You will need some support throughout your journey, because it might not be as short as you would like, so don’t forget to ask for help from a trusted person (maybe a counsellor) who you can just cry and talk to about it with if you need to. Talking about how miserable it is won’t cure your problem, but coping with the toll this takes on your emotional, mental, physical and social wellbeing and the health of your marriage is really important. Like any chronic pain sufferer knows, life doesn’t stop because you’re hurting.

Clues and tips for you in your journey

  • You also react to skincare products – you have a system-wide sensitivity
  • Write down as much as you can about what was going on before and at the time of your first vaginal symptoms. It may offer clues – you went to a new restaurant and tried the pork, you changed jobs (environments), you switched moisturiser…
  • Your periods were altered at one stage – hormones have been affected significantly at one point for an unknown reason. Yes it could definitely be stress, but what if it was something else? Chart your cycles meticulously, including birth control you are on.
  • It ‘comes and goes’ which is useful – it means it may be cycle-related, or in fact you are doing something that triggers it. Keep a clear record of when it is coming and when it is going, including what you ate and drank, where you went that day, stressful events, etc. Rate your symptoms out of 10, and if it changes during the day, write the time and what you were doing at that time. You may find some patterns.
  • Look at everything that might cause contact dermatitis or be allergenic, not just things that touch your vulva or vagina. If you use zero products for a few days, does it help? Including make-up and skincare (you don’t need as much as you think), check your toilet paper (prints and cheap tissue are bad news), shampoo and conditioner, soaps, air fresheners, fabric softeners, car deodorisers, tomatoes with pesticides, artificial colourings or preservatives…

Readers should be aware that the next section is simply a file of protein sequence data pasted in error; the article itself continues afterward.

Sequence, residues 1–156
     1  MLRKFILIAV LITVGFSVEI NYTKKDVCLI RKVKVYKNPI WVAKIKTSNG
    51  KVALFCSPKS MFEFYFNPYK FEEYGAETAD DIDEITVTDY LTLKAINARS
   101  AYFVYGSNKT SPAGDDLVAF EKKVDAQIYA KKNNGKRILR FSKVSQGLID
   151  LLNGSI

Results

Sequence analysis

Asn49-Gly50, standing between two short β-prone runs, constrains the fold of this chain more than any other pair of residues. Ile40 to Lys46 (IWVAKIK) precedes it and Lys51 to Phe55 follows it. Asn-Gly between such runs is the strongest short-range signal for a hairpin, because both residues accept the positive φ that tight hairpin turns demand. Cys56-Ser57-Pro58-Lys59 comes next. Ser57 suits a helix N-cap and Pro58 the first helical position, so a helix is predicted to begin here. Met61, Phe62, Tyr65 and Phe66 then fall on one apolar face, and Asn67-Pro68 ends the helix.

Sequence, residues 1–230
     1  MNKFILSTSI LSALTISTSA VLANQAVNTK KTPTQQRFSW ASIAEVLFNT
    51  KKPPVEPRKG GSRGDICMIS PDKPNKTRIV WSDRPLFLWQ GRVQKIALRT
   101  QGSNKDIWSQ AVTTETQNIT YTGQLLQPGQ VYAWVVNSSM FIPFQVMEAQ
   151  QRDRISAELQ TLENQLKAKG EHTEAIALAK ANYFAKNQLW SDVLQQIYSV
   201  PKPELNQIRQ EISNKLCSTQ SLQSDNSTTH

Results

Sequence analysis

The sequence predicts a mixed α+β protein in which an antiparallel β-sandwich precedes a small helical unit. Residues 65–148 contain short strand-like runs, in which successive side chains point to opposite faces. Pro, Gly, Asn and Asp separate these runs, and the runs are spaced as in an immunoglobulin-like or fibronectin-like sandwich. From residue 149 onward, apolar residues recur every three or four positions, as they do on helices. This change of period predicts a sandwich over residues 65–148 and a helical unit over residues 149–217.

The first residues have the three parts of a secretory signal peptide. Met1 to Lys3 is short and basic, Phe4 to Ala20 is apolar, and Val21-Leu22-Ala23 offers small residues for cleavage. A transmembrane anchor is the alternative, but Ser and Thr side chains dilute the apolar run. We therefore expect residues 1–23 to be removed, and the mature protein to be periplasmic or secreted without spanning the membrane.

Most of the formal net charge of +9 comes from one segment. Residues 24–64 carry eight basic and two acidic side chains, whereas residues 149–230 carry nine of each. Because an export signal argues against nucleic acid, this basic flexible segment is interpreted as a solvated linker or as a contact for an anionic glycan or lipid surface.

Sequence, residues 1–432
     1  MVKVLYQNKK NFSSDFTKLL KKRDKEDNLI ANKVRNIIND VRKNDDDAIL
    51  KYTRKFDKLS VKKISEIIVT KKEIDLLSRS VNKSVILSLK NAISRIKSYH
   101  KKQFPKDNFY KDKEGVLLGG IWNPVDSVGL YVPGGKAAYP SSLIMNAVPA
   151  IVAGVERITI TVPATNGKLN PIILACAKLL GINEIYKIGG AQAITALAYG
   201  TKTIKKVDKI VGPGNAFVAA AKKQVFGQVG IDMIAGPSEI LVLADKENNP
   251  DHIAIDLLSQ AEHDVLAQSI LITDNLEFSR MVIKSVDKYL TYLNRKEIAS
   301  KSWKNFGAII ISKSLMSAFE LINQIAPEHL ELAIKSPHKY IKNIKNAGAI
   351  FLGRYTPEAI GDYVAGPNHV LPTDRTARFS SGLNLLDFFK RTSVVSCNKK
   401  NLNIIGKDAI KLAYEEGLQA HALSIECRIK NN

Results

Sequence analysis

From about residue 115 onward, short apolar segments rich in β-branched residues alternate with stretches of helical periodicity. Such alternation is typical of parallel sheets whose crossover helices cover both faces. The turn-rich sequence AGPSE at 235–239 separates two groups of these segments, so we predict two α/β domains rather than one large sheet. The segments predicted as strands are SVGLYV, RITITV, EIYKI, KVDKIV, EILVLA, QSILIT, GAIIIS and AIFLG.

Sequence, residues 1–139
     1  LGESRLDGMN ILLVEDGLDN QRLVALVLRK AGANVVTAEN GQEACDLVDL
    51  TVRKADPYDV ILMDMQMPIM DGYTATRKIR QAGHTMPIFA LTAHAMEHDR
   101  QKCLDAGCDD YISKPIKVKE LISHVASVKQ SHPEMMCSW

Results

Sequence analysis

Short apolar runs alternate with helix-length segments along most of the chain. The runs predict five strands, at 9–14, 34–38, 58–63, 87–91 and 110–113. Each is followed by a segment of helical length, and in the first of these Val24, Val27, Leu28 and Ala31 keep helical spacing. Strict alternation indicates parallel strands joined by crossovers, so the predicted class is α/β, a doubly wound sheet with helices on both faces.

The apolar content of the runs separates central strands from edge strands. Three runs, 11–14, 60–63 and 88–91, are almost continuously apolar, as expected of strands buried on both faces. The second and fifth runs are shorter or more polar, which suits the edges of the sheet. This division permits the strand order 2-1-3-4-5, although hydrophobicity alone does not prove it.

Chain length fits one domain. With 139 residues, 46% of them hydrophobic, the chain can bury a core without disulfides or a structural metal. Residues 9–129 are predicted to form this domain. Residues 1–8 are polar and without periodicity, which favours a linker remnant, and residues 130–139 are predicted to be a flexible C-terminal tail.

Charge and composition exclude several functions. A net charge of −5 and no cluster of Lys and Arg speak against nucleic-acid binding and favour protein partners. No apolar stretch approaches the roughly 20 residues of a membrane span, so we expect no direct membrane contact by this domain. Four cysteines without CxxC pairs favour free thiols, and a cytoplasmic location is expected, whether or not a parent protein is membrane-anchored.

• It may help to find a vulvodynia-experienced naturopath or other health practitioner who can help to guide you on your journey, including the use of herbal medicines, correcting hormonal imbalances that may exist (they know how to look for these and having a regular cycle doesn’t necessarily mean everything is ok), diet and lifestyle modifications, among many other considerations that may be more difficult to dream up by yourself. They can at least walk with you down the road and try some solutions you wouldn’t think of, and that the medical system isn’t going to offer you.
  • Try everything, and try it properly so you don’t have to try it twice, but make sure your practitioner understands vulvodynia. Acupuncture, reflexology, herbal medicine, EFT/NLP might all be useful. Visit an osteopath or chiropractor, meditate for pain management, get rid of poisons in your environment and diet, and look up what worked for everyone else and give it a try. Record your efforts carefully.
  • Remember you are not alone. Join a support group, and talk about it, and write your story so far. Misery loves company, but getting views from others about what helps and what doesn’t for them can be a great way to formulate a new plan of action. Women of all ethnic and social backgrounds get vulvodynia equally, so you are in the good company of a global community.

We here at My Vagina have your back and are sending good juju out into the universe for you!

May the vagina fairies be with you.

Warmest regards,
Aunt Vadge

 

 

Jessica Lloyd - Naturopathic Practitioner, BHSc(N)

Jessica Lloyd - Naturopathic Practitioner, BHSc(N)

Jessica is a degree-qualified naturopath (BHSc) specialising in vulvovaginal health and disease, based in Melbourne, Australia.

Jessica is the owner and lead naturopath of My Vagina, and is a member of the:

  • International Society for the Study of Vulvovaginal Disease (ISSVD)
  • International Society for the Study of Women's Sexual Health (ISSWSH)
  • National Vulvodynia Association (NVA) Australia
  • New Zealand Vulvovaginal Society (ANZVS)
  • Australian Traditional Medicine Society (ATMS)
Read more about Jessica and My Vagina's origin story.
Jessica Lloyd - Naturopathic Practitioner, BHSc(N)